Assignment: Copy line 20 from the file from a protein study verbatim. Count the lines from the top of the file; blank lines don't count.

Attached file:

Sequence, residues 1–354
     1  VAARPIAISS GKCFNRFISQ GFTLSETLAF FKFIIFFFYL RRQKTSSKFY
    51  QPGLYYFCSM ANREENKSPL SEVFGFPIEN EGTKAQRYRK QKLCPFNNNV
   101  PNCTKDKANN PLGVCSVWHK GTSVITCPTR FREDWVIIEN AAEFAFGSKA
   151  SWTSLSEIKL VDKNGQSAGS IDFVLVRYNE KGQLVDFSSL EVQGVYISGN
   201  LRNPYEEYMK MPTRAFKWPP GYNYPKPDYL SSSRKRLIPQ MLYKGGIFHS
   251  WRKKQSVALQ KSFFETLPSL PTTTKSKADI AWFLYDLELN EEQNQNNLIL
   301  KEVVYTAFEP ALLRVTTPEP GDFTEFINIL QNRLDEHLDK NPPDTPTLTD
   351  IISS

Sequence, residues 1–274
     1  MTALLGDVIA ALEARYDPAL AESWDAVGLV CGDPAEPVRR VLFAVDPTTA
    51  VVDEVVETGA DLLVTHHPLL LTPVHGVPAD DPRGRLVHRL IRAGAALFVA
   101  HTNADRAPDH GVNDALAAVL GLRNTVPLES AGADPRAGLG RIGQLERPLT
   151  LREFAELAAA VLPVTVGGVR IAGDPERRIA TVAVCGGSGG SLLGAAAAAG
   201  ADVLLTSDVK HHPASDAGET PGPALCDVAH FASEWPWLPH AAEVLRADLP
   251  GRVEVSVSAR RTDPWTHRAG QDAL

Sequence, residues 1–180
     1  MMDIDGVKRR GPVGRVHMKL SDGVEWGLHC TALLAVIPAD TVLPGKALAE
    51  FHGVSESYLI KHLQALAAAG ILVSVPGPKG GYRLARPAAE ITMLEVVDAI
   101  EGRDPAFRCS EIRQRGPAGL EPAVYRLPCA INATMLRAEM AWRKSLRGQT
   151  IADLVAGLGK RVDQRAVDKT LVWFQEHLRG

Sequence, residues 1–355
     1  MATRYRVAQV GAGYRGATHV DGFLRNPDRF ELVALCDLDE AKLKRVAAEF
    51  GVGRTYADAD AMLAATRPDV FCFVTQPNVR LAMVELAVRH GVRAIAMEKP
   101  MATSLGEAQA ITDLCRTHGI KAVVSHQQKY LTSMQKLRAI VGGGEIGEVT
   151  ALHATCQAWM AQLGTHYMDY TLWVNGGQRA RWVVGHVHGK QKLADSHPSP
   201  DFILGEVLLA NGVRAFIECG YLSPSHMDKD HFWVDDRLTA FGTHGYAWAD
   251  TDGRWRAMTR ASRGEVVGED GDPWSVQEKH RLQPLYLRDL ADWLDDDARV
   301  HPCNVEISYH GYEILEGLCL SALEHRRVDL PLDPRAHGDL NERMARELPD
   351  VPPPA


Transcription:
   101  EGRDPAFRCS EIRQRGPAGL EPAVYRLPCA INATMLRAEM AWRKSLRGQT